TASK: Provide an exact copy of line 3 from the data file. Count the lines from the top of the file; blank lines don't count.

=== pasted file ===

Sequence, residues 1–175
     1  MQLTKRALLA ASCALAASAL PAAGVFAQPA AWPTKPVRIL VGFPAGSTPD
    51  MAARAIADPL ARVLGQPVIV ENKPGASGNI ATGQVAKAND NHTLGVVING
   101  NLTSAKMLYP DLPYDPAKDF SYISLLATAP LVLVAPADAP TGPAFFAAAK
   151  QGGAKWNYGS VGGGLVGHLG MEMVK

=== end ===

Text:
    51  MAARAIADPL ARVLGQPVIV ENKPGASGNI ATGQVAKAND NHTLGVVING